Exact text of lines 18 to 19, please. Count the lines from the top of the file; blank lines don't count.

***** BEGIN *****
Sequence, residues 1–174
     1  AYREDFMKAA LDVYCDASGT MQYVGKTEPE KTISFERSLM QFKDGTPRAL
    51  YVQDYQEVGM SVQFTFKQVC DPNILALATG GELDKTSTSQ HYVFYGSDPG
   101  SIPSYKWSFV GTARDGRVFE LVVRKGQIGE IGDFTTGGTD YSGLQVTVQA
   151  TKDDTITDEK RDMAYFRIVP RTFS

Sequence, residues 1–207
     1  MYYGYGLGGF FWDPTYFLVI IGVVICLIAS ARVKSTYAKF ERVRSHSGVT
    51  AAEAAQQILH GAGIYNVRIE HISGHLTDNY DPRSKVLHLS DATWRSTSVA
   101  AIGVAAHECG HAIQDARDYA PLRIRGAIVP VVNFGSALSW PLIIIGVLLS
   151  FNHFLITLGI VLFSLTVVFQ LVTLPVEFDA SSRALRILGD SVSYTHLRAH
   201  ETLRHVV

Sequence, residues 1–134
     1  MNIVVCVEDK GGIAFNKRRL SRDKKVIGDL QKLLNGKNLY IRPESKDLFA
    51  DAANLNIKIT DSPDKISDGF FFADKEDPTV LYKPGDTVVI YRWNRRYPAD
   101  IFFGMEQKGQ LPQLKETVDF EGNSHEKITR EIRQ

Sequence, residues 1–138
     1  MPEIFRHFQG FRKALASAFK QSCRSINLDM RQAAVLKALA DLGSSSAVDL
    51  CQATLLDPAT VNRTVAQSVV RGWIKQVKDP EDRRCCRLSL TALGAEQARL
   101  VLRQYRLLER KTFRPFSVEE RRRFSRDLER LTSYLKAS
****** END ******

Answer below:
    51  CQATLLDPAT VNRTVAQSVV RGWIKQVKDP EDRRCCRLSL TALGAEQARL
   101  VLRQYRLLER KTFRPFSVEE RRRFSRDLER LTSYLKAS